As protesters continue to occupy the steps of Sproul Hall and budget cuts and fee hikes remain in the public consciousness, student leaders and officials from UC Berkeley and Stanford University met Tuesday for a panel discussion on the state of public higher education and its future.
The forum was the second in a series of four organized by the Council of Deans Task Force on the Future of Public Universities to address the problems higher education faces. Despite the forum’s intended focus on long-term problems, the topics of police violence at UC Berkeley and UC Davis — which are currently under review — cropped up several times at the forum, serving as the major topic of campus performance studies professor Catherine Cole’s speech and resurfacing during the public comment portion.
“I find it very hard to talk about the future when the present has been so systematically disrupted by violence,” Cole said in her speech. “The present has been unmade.”
The forum, which was held in Wheeler Hall, also featured Henry Brady, dean of the Goldman School of Public Policy and Donald Kennedy, president emeritus of Stanford University. Student regent Alfredo Mireles, Jr. and student regent-designate Jonathan Stein were also featured.
“We need to fight to preserve UC Berkeley and the UC system – everyone in this room has benefitted from them,” Mireles said. “One in 46 jobs in California is supported directly or indirectly by the University of California.”
Though the speakers generally agreed on ideas for improving public higher education as a whole — particularly the idea of “retail politics,” in which students bring the issues home to their parents — opinions diverged on the campus administration’s handling of recent protests.
Mireles said he hopes the individuals who ordered force against protesters at the Berkeley and Davis campuses will be fired, while Brady cautioned against excessive anger toward UC Berkeley Chancellor Robert Birgeneau and campus Executive Vice Chancellor and Provost George Breslauer.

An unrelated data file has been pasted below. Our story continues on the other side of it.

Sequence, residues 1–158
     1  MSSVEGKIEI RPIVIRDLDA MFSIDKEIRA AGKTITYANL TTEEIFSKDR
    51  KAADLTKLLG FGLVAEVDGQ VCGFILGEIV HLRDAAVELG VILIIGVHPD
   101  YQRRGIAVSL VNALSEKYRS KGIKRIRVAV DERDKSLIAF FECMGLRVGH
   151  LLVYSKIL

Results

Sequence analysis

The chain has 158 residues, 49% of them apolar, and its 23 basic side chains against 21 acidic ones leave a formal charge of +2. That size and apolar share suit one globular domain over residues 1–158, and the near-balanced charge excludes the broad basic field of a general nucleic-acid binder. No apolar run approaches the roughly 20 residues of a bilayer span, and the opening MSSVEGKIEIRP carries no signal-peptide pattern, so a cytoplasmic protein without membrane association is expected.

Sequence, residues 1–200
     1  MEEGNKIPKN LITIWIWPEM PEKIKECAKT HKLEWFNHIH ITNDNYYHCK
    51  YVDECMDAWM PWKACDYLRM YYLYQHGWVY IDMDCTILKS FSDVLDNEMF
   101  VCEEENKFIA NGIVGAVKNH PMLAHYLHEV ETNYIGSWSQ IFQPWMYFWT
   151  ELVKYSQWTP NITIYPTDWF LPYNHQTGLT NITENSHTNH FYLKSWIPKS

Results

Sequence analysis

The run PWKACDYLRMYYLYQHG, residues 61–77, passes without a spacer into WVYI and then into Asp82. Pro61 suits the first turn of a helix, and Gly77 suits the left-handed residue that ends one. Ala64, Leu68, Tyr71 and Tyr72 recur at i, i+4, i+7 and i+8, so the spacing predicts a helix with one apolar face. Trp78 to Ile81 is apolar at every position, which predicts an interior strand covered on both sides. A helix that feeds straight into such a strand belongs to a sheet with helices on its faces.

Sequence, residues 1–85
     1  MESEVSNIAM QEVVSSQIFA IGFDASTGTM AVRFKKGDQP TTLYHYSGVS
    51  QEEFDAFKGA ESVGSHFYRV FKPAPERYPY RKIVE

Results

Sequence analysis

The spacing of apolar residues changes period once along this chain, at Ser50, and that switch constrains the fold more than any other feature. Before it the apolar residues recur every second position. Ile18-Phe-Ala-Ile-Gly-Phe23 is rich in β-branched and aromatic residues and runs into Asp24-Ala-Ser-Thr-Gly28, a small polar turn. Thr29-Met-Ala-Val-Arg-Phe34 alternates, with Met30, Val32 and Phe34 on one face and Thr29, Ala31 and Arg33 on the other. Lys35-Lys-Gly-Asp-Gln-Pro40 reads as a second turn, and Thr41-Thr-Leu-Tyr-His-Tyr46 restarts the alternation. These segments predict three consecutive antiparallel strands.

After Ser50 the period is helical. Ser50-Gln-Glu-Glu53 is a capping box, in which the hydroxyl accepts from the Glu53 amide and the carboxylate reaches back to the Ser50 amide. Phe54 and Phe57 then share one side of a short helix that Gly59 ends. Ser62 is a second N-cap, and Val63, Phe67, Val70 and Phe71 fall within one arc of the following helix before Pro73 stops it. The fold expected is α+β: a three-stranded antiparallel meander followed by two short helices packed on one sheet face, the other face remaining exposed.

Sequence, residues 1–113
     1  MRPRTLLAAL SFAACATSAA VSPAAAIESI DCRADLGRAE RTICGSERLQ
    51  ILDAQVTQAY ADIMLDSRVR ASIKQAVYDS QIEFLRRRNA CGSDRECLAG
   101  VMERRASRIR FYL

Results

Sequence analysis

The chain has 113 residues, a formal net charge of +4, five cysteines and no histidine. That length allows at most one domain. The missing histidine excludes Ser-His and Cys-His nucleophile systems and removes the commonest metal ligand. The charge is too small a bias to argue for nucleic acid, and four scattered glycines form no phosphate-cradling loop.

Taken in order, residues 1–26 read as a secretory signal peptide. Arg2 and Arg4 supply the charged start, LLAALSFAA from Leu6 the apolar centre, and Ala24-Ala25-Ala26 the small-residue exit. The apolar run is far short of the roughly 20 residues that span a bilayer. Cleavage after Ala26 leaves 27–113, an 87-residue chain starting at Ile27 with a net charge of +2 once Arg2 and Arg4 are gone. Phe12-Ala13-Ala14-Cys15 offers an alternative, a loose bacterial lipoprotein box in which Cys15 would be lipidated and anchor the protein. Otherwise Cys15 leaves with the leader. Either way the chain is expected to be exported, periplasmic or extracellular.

“It’s important to remember who you’re protesting against,” he said. “I don’t think Bob Birgeneau and George Breslauer are Richard Nixon and Spiro Agnew, to state the obvious — but sometimes the obvious needs to be stated.”
Brady also expanded on the economic value of the UC system, noting that the state more than recoups the money it invests in higher education by making four dollars in benefits for every one dollar invested.
During Kennedy’s speech, he noted that though a disparity between the incomes of Stanford and UC Berkeley professors has existed for years, that gap has grown recently.
“The average assistant professor at Stanford made 9 percent more in 2000 than the average professor at Cal — that disparity has grown to 17 percent,” Kennedy said. “It’s a real shame that this disparity exists, and I hope that as in years past my Stanford colleagues will stand up and rally for Cal.”
The public comment portion of the event, which lasted about an hour, saw questions and comments on issues such as other possible education models, leadership of the UC Board of Regents and other officials, as well as Proposition 13.
The third forum, which will focus on the economics of higher education, is scheduled to take place in early February.